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Problem regarding '+ or -' with squares and square roots in a differential equation

  1. Feb 14, 2012 #1
    1. The problem statement, all variables and given/known data

    Solve:

    y'=x+y, y(0)=2

    2. Relevant equations



    3. The attempt at a solution

    I THINK my method is correct.. but I messed up somewhere.

    I rearrange for y'-y=x

    integrate both sides gets me:

    y-[itex]\frac{y^{2}}{2}[/itex]=[itex]\frac{x^{2}}{2}[/itex]

    after completing the square I get

    (y-1)[itex]^{2}[/itex]=-x[itex]^{2}[/itex]+1

    But this is where I mess up. To solve for y, I square root each side. But then I get '+ or -' on the right side:

    y=[itex]\pm[/itex][itex]\sqrt{-x^{2}+1}[/itex]+1+c

    so solving for both cases gets me c=0 OR c=2. But I can only have once answer. Where did I go wrong?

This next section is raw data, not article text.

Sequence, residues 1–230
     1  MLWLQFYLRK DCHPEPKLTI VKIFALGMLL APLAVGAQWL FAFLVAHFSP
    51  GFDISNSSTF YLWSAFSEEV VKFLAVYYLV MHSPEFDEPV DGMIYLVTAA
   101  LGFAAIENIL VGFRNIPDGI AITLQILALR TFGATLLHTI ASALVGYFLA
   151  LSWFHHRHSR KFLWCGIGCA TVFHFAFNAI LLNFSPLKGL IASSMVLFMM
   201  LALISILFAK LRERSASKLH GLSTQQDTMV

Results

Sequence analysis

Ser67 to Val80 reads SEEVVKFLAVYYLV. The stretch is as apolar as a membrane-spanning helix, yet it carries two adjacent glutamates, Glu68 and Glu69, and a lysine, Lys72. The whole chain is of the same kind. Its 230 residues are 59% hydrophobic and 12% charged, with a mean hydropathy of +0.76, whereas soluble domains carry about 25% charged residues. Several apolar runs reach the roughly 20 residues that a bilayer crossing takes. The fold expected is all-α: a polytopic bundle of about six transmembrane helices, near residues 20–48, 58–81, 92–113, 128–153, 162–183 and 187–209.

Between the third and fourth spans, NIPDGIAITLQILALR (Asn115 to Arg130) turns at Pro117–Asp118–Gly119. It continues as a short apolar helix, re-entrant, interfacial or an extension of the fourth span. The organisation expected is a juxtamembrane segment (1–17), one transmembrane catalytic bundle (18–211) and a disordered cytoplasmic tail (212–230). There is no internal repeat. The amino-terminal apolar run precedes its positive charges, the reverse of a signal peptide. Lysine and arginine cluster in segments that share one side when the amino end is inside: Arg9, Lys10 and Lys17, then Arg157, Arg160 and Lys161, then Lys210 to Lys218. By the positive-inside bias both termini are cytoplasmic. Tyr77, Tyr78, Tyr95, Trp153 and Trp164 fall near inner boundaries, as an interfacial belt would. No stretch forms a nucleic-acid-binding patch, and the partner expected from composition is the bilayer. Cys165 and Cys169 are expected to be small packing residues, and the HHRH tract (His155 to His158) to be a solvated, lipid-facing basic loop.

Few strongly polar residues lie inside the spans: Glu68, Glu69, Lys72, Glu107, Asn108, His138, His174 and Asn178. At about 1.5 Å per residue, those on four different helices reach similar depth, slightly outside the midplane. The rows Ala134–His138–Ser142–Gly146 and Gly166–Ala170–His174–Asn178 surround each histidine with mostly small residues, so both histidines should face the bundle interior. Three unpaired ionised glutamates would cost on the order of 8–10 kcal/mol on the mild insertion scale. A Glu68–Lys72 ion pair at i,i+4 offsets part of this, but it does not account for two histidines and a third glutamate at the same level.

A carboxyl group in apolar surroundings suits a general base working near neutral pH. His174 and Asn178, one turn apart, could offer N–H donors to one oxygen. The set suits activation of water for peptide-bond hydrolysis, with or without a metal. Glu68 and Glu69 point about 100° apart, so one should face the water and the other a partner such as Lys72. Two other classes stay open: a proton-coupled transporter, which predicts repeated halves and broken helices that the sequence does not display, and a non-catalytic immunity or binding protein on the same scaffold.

Last edited: Feb 14, 2012
  2. jcsd
  3. Feb 14, 2012 #2

    Ray Vickson

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    Science Advisor
    Homework Helper

    Re: Problem regarding '+ or -' with squares and square roots in a differential equati

    Going from y'-y=x to [itex]y-\frac{y^2}{2} =\frac{x^2}{2}[/itex] is wrong. The DE reads as [itex] dy - y dx = x dx,[/itex] so when you integrate on the left you don't get y - y^2/2. You need to use an "integrating factor"; see http://www.ucl.ac.uk/Mathematics/geomath/level2/deqn/de8.html , or read your textbook.

    RGV
     
  4. Feb 14, 2012 #3
    Re: Problem regarding '+ or -' with squares and square roots in a differential equati

    Thanks! Your hint helped me get the right answer!
     
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